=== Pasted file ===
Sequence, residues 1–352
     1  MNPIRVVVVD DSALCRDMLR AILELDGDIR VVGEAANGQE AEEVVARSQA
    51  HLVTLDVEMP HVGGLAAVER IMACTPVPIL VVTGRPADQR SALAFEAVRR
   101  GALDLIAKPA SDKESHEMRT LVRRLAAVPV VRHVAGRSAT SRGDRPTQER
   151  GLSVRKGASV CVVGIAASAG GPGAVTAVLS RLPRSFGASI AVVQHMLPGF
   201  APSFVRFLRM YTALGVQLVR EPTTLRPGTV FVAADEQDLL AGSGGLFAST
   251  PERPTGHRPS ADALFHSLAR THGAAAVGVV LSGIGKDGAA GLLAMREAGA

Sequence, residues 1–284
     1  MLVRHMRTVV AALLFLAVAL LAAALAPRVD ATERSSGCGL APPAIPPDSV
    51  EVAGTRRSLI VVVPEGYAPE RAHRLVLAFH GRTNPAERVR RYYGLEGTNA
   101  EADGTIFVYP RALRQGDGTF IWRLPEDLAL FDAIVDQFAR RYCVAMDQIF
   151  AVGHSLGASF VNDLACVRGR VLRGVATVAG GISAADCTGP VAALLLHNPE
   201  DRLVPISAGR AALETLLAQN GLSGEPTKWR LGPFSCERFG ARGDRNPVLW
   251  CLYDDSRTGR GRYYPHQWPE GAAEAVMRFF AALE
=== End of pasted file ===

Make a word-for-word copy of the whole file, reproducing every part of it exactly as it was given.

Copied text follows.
Sequence, residues 1–352
     1  MNPIRVVVVD DSALCRDMLR AILELDGDIR VVGEAANGQE AEEVVARSQA
    51  HLVTLDVEMP HVGGLAAVER IMACTPVPIL VVTGRPADQR SALAFEAVRR
   101  GALDLIAKPA SDKESHEMRT LVRRLAAVPV VRHVAGRSAT SRGDRPTQER
   151  GLSVRKGASV CVVGIAASAG GPGAVTAVLS RLPRSFGASI AVVQHMLPGF
   201  APSFVRFLRM YTALGVQLVR EPTTLRPGTV FVAADEQDLL AGSGGLFAST
   251  PERPTGHRPS ADALFHSLAR THGAAAVGVV LSGIGKDGAA GLLAMREAGA

Sequence, residues 1–284
     1  MLVRHMRTVV AALLFLAVAL LAAALAPRVD ATERSSGCGL APPAIPPDSV
    51  EVAGTRRSLI VVVPEGYAPE RAHRLVLAFH GRTNPAERVR RYYGLEGTNA
   101  EADGTIFVYP RALRQGDGTF IWRLPEDLAL FDAIVDQFAR RYCVAMDQIF
   151  AVGHSLGASF VNDLACVRGR VLRGVATVAG GISAADCTGP VAALLLHNPE
   201  DRLVPISAGR AALETLLAQN GLSGEPTKWR LGPFSCERFG ARGDRNPVLW
   251  CLYDDSRTGR GRYYPHQWPE GAAEAVMRFF AALE